Real Estate

Vacation property: emotional buy or sensible investment?

The Globe and Mail

Lisa Windsor remembers almost to the day when she decided she wanted to buy a cottage. It was two summers ago, when her aunt died and her family went to back to the Muskoka cottage country where her aunt had lived year-round.

"The north has always called to me," says Ms. Windsor, a 43-year-old single mother who lives in Guelph, Ont. "But [that summer] I realized that the last time my family - my mother and her sisters and my siblings - were together was when I was a little girl and we went cottaging up there.

"To me, that's why I need a cottage - that place where my family finally gets to regroup."

Ah, the cottage, or cabin, depending on where in Canada you live: It's where family gathers, the sun always seems to shine, the water glistens and good food sizzles on the barbecue. As Ms. Windsor puts it, "The rocks and the water and the trees: That calls to anyone."

Not everyone has an aunt with a cottage. To get that summer hit, many of us rent. No wonder, then, that financial experts say they see a lot of people who decide to buy a cabin right after a particularly dazzling summer rental, whether it's on Lake Winnipeg's Grand Beach or Bras d'Or Lake in Nova Scotia or Shuswap Lake in B.C.

Cottages are "the most emotional asset," says Patricia Lovett-Reid, senior vice-president at TD Waterhouse in Toronto. "And you have to do everything you can to not make buying a cottage be a truly emotional experience."

The decisions you have to make first, before rushing to buy, aren't necessarily financial, she says. They're lifestyle questions.

Do you really have the time to enjoy your cabin or cottage? Do you have flexibility around your work schedule? How far are you willing to drive to get there? With Canada's short summers, how much will you actually use it?

Then there's the cabin itself. Do you want a second home or are you looking for something more rustic? Do you want year-round access? Are you prepared for all the costs - not just the purchase price, but the taxes and upkeep?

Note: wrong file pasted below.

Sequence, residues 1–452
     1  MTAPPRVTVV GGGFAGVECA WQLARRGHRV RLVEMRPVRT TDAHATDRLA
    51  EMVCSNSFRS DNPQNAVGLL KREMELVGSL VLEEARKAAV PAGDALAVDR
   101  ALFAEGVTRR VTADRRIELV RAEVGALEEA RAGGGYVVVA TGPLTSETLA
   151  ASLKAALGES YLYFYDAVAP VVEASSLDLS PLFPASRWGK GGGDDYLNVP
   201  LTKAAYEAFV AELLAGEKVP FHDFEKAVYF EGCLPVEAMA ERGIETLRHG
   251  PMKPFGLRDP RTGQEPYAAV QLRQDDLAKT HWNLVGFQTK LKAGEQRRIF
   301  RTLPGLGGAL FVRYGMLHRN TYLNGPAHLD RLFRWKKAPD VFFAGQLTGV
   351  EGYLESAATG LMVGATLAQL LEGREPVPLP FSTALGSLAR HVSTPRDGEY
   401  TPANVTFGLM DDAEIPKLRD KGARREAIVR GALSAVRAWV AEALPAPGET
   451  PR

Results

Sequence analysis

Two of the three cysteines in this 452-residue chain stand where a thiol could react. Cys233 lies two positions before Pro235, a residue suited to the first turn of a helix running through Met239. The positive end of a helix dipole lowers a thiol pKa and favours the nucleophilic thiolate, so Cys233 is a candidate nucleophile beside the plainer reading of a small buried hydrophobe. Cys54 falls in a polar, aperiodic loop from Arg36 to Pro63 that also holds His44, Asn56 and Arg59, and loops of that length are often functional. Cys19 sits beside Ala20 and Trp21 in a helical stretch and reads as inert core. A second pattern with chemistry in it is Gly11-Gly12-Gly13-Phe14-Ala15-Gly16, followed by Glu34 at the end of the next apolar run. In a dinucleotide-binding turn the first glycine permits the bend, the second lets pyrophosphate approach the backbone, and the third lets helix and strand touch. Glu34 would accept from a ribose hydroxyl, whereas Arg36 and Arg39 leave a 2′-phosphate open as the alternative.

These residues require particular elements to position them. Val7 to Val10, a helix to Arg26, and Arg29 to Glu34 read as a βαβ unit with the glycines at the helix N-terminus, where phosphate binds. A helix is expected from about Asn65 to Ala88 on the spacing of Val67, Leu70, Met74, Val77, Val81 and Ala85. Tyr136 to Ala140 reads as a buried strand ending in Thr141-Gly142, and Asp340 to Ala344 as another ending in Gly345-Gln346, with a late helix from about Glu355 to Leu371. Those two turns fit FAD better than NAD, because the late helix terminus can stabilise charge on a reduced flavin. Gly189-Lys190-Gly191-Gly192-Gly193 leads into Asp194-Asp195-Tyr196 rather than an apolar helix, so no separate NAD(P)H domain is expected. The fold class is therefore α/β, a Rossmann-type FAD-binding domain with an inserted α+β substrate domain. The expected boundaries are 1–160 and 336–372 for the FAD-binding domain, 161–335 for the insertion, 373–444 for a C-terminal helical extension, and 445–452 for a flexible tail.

There are important financing considerations. Shelley Cleversey, a regional director for Meridian Credit Union, is based in Barrie, gateway to Ontario's lake and summer fun district, and has helped a number of people with cottage financing.

She says it is important for buyers to realize that not all cottages qualify for traditional mortgages. If the cottage of your dreams is similar to your house, with all the amenities of home, then chances are you can get a traditional mortgage, she says. But if you're hoping for "a get-connected with nature, more rustic experience," you may not qualify for a traditional mortgage and will need to pay a higher down payment.

There are other financial implications, as well: Choose to rent out the cottage, and you become a landlord, with all the tax hits that entails.

If you plan to rent out your cottage, Ms. Lovett-Reid says, you should factor that into where you want to buy. "It comes back to location, location, location." You want to buy where people want to rent.

It should also be a convenient location to you, from a landlord's perspective. "People don't think about the toilet backing up or if something else goes wrong - and you're a long distance away, typically," Ms. Lovett-Reid says.

Ms. Cleversey advises that in buying a cottage, you should also ask that most basic financial question: Is it a good investment? Generally speaking, she says, the answer is yes, if you hold onto a property long enough. Demand for recreational properties, especially waterfront properties in a good location, remains strong, she says.